Throw out everything you know about pricing.
As we think about the future and how to establish a new normal when our companies reboot, we need a healthier understanding of pricing in the rental industry.
The rental model is genius when business is good. You buy a product once and get to sell it repeatedly — but at what price?
That’s the key question. Historically, our prices have been arbitrary. There’s no “right” formula. We’ve tried to gauge the fairness of our price by comparing it to other companies. A long time ago, customers had no idea what price was fair and just paid what we quoted.
But the internet brought a new era of price shopping in the AV rental industry. This exposed a fundamental flaw: Our pricing is made up.
In the post-pandemic era (PPE), what if we rethink pricing to eliminate this flaw? What if we base our pricing on our actual costs, risks, and necessary margins, not just job cost? By doing so, we’ll price our products in a way that makes more sense and creates more profit.
Here’s why it’s time to rethink your pricing and how to do it:
What’s Wrong With the Way We Price Now?
Most AV rental industries focus on job cost. By using projected job costs to determine our prices, we’ve misunderstood our profit.
Often, rental companies use a formula like this to determine their profit:
Revenue - Outside Direct Costs = Gross Profit
This equation indicates that if we own the equipment and have the staff to run it, the job has no cost. Based on this model, we buy more gear and hire more full time labor to minimize direct costs.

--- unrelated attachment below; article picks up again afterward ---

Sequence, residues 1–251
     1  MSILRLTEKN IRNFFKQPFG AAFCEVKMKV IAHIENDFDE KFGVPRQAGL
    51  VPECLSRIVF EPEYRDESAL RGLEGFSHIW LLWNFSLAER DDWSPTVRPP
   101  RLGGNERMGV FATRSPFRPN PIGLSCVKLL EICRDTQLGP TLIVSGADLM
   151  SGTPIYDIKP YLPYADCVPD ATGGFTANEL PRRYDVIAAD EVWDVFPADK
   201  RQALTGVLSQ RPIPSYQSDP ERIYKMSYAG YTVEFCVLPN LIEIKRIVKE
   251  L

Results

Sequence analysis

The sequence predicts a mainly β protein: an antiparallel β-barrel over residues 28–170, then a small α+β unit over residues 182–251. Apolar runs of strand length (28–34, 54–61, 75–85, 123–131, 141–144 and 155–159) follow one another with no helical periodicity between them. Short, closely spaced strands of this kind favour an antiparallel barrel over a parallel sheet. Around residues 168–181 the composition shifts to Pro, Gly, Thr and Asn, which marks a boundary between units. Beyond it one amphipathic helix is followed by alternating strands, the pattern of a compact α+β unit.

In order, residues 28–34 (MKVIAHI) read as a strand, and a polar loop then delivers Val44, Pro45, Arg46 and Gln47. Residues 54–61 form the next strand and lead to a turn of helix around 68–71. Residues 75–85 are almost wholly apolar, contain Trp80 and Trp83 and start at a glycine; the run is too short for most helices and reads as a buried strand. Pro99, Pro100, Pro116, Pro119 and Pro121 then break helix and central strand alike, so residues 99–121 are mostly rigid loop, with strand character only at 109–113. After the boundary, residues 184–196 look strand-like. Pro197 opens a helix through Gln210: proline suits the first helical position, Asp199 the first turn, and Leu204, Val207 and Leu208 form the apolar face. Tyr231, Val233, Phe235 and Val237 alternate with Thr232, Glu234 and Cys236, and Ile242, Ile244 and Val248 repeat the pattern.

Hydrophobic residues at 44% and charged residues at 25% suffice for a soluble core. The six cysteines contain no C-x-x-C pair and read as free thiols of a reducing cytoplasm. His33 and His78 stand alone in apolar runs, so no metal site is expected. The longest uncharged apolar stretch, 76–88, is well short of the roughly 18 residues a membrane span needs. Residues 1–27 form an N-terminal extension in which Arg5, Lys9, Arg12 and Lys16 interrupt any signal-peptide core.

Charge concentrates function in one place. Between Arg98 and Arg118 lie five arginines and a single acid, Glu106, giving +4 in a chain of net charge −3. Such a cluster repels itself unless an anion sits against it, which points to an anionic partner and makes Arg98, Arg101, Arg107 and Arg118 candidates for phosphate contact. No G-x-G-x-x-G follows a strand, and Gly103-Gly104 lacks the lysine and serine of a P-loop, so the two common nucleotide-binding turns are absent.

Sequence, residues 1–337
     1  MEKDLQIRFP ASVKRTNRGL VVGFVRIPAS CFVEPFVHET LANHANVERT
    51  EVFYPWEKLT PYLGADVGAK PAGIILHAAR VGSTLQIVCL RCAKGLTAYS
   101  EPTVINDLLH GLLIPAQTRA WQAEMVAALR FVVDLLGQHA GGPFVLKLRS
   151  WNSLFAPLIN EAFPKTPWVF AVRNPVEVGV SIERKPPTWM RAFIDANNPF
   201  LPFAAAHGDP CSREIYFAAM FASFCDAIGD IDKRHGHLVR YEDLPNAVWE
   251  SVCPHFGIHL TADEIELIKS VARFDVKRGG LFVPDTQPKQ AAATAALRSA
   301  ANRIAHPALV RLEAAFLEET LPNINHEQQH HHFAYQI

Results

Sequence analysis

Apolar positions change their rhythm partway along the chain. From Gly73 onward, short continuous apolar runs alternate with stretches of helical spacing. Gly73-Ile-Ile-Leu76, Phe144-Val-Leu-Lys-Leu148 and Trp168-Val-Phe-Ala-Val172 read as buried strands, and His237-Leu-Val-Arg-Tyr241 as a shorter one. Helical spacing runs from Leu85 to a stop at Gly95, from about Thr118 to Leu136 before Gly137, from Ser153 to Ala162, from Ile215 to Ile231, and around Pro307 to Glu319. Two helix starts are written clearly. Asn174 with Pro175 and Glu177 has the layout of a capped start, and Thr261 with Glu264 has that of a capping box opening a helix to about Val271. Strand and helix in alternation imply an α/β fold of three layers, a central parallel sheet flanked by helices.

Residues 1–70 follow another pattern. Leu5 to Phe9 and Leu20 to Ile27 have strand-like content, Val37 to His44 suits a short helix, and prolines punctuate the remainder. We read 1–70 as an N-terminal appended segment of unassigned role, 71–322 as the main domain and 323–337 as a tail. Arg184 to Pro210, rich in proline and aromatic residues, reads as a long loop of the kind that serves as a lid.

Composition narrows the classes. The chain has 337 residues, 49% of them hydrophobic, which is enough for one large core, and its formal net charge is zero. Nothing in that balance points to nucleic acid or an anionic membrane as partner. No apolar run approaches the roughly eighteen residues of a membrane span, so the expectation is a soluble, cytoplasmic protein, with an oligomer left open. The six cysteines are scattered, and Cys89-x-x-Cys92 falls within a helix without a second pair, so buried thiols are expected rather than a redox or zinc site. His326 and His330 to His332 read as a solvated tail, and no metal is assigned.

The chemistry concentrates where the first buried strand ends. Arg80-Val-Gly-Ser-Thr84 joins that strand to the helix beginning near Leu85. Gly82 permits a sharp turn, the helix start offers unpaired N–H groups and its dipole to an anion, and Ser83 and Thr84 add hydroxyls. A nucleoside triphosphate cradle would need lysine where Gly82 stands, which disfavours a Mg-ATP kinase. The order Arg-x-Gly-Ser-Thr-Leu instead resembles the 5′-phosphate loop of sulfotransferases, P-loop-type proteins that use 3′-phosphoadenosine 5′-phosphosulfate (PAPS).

This model makes sense on a per-job basis, but it doesn’t make sense in terms of your entire year. You’re simply not busy 12 months out of the year.
This model also negatively affects what jobs we take.
Evaluating the earnings of a job on a projected job-cost basis only looks at gross profit percentages, not cash flow.
Why doesn’t this work? Let’s look at an example.
Compare these three identical jobs:
- Job #1: I have all the resources. I don’t need sub-rentals or freelancers.
- Job #2: I have to sub-rent a piece of equipment and hire a freelancer.
- Job #3: I have to sub-rent multiple pieces of equipment and hire multiple freelancers.
Based on the model above, Job #1 looks very profitable, Job #2 mediocre, and Job #3 really unprofitable.
In fact, all three jobs are identically profitable. The first appears to be more profitable because we’re not factoring in the variable costs involved. This model doesn’t calculate overhead like the salaried employees and equipment necessary for the job.
A focus on job-costs percentages devalues otherwise profitable work. Turning down Job #3 is throwing away money — but we do it all of the time. We’re so focused on the lack of gross profit, we forget about the cash flow. That’s the problem with the job-cost mindset that we need to change moving forward.
When we turn down great jobs because we’re too focused on the job-costs, we limit our cash flow in the long run. When we’re not busy, we need the extra revenue we turned down even more. So we sell on price, which reduces our margins, which makes the problems worse. This is job-cost thinking.
A job costs mindset focuses too much on isolated jobs and not enough on cash flow. It’s illustrated perfectly in this: